Sea Slugs on the Elkhorn Slough - Observation of the Week, 7/7/19

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Our Observation of the Week is this Navanax inermis sea slug, seen in the United States by lmkitayama

“At work they call me the Slug Queen,” says Lauren Kitayama, an Assistant Manager at Kayak Connection in California. “Daylight permitting, I paddle once a week before work on the Elkhorn Slough. A couple of years ago, if you'd asked any of the local guides they might have said there were 5 species of sea slug on the slough. Last year I documented 27!”

The slug seen above was one of twenty Navanax inermis she spotted that morning, and said they were mating on the sea lettuce near the dock at work. “They are one of my favorite slugs,” she says,

They are large enough for people to appreciate, and so absolutely beautiful! I love using them to get people excited about the unloved slimy things that live in the ocean. One of my goals is always to show people something they never even imagined existed on the planet, and Navanax are a great opportunity to do that. As a kayak guide I work with a lot of school children, and love having the chance to inspire them to protect and appreciate the natural world around them.

While nudibranchs are the most commonly known order of sea slug, the Navanax inermis belongs to an entirely different order: Cephalaspidea, or the headshield slugs. Most members of this order, including the California Aglaja, do have a shell, but it is usually either tiny or internal. Navanax inermis are large slugs, growing anywhere from 2.5 to 10 inches (6.35 - 25.4 cm) in length, and they prey upon other gastropods and even small fish!

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Lauren (above) earned a Masters in Marine Conservation from the University of Miami (FL), where she focused on the impacts of marine debris. “I am zealous about protecting the oceans from plastic...[and] someday I hope to work for the UN attacking the plastic pollution problem in Southeast Asia.” For now, however, she says she loves her current job, and tells me 

My favorite thing is to see something I've never seen before. "I don't know" is my favorite answer to the question, "what is it?" I think that's how this whole slug thing started. They are beautiful, and most people would never look for them/see them without a guide. For whatever reason my slug observation skills are great. Can't find my keys half the time (or the sunglasses that are on my head), but a 9 mm sea slug hiding in a patch of kelp... no problem.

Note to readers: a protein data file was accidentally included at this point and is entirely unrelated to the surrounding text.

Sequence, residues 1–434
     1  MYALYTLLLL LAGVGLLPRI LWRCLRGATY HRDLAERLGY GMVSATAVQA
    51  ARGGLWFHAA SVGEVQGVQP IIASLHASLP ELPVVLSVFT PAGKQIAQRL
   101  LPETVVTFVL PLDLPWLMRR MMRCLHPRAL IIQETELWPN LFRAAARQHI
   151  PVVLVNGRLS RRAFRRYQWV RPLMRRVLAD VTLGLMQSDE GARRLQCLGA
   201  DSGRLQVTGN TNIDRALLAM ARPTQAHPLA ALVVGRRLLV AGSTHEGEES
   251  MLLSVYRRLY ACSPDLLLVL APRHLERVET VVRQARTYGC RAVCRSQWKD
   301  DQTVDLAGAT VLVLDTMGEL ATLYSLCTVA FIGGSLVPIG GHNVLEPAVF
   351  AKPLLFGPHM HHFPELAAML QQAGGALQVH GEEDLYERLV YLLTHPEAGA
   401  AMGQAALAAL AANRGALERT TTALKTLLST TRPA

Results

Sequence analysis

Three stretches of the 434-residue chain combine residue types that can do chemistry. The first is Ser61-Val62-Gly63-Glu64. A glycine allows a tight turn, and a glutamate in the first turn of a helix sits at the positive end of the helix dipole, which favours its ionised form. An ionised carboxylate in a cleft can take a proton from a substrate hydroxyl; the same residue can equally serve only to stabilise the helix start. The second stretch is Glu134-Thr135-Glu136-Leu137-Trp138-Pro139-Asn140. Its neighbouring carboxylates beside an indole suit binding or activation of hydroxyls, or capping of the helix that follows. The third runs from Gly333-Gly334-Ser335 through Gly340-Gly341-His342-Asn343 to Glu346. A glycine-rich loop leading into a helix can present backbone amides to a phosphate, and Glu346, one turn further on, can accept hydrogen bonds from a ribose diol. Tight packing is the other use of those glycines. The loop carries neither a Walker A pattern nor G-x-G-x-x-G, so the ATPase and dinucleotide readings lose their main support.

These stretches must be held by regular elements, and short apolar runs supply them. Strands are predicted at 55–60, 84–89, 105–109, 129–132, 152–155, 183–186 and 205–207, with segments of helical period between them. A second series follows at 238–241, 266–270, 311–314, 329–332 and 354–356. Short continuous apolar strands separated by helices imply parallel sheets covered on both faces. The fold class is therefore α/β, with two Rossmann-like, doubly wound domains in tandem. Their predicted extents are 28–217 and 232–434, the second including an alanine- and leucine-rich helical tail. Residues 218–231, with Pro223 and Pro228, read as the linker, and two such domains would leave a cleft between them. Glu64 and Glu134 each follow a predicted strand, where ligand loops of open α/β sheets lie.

With my ecologist brain, I am excited to continue documenting slugs on the slough to see if a temporal pattern emerges (when are particular species showing up? Are they predictably in the same locations year after year?) I try very hard to get a photo of every species I see every week so that I can continue to document their presence/absence on the slough.

- by Tony Iwane.


- Check out Lauren’s Litter Mermaid projects and blog!

- And her sea slug observations.

- Watch a Navanax inermis eating a California Seahare.

- And watch a pair mating!

Posted by tiwane tiwane, July 08, 2019 01:56

Comments

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Wow! Gorgeous creature. As someone who spent 10 minutes today trying to photograph a micro-lep a few mm long I appreciate all the observers of the lesser-seen, the weird, the slimy and all of the stuff that should get more attention. Thanks for sharing. I'm sure we are all looking forward to species 28 :)

Posted by mira_l_b 13 days ago (Flag)
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Love this! I have only spotted a California Aglaja once and been on the hunt ever since! Thanks for being such an inspiration to so many and keep the passion going :)

Posted by scubabruin 13 days ago (Flag)
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Great to see a non-nudibranch sea slug as observation of the week! Navanax inermis is indeed a spectacular creature, and an impressive predator. When I lived in La Jolla and Pacific Beach, back in 1970/71, once when I was snorkeling in the Mission Bay Flood Control Channel, I watched a large Navanax come up behind a large Bulla gouldiana and just engulf it whole. Very impressive.

Posted by susanhewitt 13 days ago (Flag)
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I remember the first time I heard about Navanax, it was in one of the Blue Planet I episodes, where David Attenborough was narrating about some chase between Janulus sp. and Navanax sp.

Posted by robotpie 13 days ago (Flag)
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Thank you for such a caring commentary on your observation. Learning to see the natural world that is right in front of our eyes is what Naturalist is all about. You've phrased it so joyfully. I think you have an ecologist's heart as well as an ecologist's brain.

Posted by lissamartinez 12 days ago (Flag)
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27 species - awesome!! My slug observation skills are rubbish. What's the trick? Seriously.

Posted by twillrichardson 12 days ago (Flag)

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